Think things like yoga, deep breathing, meditation, therapy, getting enough sleep, acupuncture, exercise, full-body massage, even just finally making those appointments you’ve been putting off.
Just like developing any other skill, or healthy habit, improving your libido is about consistency and dedication. Set aside some time in your schedule deliberately for masturbation. You may not necessarily be jazzed about it, but once you get started — and once you finish — you’ll be happy you did.
According to Dr. Harper, "The pleasure experienced through masturbation is incredibly positive — it’s really a wellness activity."
Well, ladies and gentlemen and friends beyond the binary, if that isn’t one of the best endorsements for gratuitous solo sex I’ve ever heard. Now get to it!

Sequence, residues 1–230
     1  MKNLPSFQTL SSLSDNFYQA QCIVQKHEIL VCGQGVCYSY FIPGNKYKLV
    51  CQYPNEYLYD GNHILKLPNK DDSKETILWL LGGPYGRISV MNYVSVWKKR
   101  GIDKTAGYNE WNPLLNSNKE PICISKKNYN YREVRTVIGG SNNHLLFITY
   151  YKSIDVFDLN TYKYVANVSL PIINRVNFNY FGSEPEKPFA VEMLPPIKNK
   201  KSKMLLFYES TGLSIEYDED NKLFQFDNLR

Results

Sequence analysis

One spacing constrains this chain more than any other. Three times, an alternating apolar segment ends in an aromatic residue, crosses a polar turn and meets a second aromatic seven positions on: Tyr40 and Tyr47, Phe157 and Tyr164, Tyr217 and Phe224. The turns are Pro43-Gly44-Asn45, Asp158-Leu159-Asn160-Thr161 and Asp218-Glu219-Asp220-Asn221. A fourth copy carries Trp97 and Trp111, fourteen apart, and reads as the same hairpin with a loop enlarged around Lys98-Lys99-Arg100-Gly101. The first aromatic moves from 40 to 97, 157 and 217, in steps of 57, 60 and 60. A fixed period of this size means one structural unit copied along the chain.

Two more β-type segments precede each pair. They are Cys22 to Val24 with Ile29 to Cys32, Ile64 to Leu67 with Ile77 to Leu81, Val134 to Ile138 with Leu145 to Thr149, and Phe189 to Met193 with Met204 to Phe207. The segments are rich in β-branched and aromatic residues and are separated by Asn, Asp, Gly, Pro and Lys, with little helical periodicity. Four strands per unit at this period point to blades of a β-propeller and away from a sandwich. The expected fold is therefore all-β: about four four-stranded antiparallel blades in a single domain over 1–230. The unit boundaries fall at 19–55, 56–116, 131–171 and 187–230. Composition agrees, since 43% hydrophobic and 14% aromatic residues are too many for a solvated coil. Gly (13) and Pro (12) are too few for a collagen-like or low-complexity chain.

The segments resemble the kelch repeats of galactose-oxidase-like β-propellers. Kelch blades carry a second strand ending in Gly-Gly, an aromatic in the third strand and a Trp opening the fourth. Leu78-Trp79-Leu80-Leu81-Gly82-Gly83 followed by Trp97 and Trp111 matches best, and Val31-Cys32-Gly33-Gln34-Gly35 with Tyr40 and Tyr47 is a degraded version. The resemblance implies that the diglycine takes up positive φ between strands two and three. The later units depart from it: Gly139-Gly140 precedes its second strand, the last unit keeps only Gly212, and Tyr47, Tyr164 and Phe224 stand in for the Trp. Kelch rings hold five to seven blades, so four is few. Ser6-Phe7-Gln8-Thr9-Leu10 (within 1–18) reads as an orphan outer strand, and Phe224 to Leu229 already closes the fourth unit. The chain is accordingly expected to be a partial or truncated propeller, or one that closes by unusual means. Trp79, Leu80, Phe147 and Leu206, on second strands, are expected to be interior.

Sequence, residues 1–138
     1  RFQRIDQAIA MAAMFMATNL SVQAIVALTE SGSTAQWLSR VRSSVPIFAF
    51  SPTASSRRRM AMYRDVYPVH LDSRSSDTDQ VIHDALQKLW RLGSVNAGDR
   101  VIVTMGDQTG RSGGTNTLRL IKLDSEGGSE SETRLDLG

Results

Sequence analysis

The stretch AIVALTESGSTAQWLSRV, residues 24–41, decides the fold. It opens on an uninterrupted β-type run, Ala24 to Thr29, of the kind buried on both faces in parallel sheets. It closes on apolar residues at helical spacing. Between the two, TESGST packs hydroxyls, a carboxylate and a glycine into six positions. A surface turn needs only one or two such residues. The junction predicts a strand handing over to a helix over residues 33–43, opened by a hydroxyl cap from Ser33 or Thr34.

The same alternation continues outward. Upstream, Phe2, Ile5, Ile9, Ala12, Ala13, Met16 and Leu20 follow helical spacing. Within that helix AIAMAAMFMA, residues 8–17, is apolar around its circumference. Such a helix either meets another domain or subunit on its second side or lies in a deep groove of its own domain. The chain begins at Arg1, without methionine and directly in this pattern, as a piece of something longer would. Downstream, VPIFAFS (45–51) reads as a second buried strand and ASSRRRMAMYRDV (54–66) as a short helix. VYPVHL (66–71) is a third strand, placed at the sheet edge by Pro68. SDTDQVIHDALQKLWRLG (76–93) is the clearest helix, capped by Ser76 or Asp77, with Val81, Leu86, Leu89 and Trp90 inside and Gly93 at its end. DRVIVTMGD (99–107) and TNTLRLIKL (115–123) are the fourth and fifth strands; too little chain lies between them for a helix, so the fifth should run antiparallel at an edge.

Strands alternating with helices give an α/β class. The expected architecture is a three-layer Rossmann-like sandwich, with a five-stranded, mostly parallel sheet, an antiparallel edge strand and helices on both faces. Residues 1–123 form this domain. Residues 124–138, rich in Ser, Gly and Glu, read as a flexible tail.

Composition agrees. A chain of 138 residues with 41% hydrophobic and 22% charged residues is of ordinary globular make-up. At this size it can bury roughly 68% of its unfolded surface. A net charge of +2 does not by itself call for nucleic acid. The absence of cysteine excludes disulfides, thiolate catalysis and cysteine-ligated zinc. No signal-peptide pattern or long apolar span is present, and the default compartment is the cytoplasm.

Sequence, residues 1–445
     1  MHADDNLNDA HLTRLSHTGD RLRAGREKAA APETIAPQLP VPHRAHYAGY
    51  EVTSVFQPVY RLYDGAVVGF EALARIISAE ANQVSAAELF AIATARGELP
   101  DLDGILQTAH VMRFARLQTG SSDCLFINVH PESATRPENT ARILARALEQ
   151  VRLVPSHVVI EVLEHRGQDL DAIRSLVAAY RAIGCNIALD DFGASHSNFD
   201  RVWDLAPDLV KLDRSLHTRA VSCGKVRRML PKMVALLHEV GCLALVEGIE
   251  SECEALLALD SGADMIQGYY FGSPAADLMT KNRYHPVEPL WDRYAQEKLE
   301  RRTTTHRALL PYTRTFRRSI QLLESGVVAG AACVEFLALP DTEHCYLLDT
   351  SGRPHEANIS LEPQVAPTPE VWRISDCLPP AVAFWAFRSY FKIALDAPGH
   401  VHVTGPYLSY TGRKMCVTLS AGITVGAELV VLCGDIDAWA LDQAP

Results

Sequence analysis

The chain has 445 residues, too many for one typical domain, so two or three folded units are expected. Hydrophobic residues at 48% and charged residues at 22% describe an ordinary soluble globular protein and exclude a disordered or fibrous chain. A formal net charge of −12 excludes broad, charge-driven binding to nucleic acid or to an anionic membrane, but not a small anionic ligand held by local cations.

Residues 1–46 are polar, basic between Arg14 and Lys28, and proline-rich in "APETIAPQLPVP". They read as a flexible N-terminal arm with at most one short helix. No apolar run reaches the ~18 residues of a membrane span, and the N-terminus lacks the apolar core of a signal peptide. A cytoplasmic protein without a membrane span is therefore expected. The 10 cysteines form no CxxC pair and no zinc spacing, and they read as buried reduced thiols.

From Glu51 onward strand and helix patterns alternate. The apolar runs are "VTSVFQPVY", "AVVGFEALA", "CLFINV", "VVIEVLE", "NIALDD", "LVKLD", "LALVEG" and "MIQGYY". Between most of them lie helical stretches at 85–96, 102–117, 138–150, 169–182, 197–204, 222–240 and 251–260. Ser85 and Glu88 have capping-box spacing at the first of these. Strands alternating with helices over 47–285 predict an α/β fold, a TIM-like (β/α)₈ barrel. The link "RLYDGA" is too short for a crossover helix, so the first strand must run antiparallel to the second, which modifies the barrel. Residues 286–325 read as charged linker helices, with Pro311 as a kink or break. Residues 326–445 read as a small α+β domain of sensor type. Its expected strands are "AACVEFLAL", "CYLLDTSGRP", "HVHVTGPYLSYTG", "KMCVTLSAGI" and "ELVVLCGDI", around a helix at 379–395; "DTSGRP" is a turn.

The bottom line
Remember, there is no such thing as a “normal” libido or sexual desire. It will change throughout our lives, so one of the best tools we can work on improving is our communication skills so that we can have these ongoing conversations with our partners and work on the healthy sex lives we envision for ourselves.
Jamie J. LeClaire (they/them) is a sexuality educator, freelance writer, and consultant. Their work focuses on the intersections of pleasure-positive sexual health, queer and transgender/gender-nonconforming identity, body politics, and social justice. You can find more of their work at their website, and follow them on Instagram and Twitter.